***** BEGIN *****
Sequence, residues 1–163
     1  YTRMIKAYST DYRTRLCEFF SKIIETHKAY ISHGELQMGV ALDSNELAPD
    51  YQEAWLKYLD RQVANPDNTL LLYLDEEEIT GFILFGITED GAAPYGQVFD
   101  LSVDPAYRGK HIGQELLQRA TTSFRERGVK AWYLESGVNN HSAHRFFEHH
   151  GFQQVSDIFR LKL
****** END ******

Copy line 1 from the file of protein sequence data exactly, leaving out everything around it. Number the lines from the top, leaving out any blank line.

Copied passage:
Sequence, residues 1–163